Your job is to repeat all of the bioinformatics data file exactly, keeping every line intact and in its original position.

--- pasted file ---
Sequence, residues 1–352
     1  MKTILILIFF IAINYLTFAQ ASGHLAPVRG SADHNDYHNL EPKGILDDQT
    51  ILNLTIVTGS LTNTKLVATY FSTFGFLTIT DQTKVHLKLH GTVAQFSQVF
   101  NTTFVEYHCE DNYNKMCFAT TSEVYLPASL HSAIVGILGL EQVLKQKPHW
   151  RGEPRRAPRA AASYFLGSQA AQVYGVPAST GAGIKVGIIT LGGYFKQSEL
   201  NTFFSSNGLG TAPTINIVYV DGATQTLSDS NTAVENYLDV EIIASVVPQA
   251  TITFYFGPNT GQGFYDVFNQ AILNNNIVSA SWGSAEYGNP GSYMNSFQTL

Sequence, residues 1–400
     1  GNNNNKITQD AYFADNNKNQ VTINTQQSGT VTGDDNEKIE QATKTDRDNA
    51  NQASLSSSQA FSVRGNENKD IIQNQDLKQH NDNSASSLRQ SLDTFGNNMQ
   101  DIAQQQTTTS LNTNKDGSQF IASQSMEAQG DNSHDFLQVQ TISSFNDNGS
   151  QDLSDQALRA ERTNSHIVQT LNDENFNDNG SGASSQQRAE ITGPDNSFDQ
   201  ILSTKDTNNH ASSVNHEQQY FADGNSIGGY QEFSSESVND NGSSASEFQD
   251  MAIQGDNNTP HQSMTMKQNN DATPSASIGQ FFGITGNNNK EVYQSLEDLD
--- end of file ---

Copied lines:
Sequence, residues 1–352
     1  MKTILILIFF IAINYLTFAQ ASGHLAPVRG SADHNDYHNL EPKGILDDQT
    51  ILNLTIVTGS LTNTKLVATY FSTFGFLTIT DQTKVHLKLH GTVAQFSQVF
   101  NTTFVEYHCE DNYNKMCFAT TSEVYLPASL HSAIVGILGL EQVLKQKPHW
   151  RGEPRRAPRA AASYFLGSQA AQVYGVPAST GAGIKVGIIT LGGYFKQSEL
   201  NTFFSSNGLG TAPTINIVYV DGATQTLSDS NTAVENYLDV EIIASVVPQA
   251  TITFYFGPNT GQGFYDVFNQ AILNNNIVSA SWGSAEYGNP GSYMNSFQTL

Sequence, residues 1–400
     1  GNNNNKITQD AYFADNNKNQ VTINTQQSGT VTGDDNEKIE QATKTDRDNA
    51  NQASLSSSQA FSVRGNENKD IIQNQDLKQH NDNSASSLRQ SLDTFGNNMQ
   101  DIAQQQTTTS LNTNKDGSQF IASQSMEAQG DNSHDFLQVQ TISSFNDNGS
   151  QDLSDQALRA ERTNSHIVQT LNDENFNDNG SGASSQQRAE ITGPDNSFDQ
   201  ILSTKDTNNH ASSVNHEQQY FADGNSIGGY QEFSSESVND NGSSASEFQD
   251  MAIQGDNNTP HQSMTMKQNN DATPSASIGQ FFGITGNNNK EVYQSLEDLD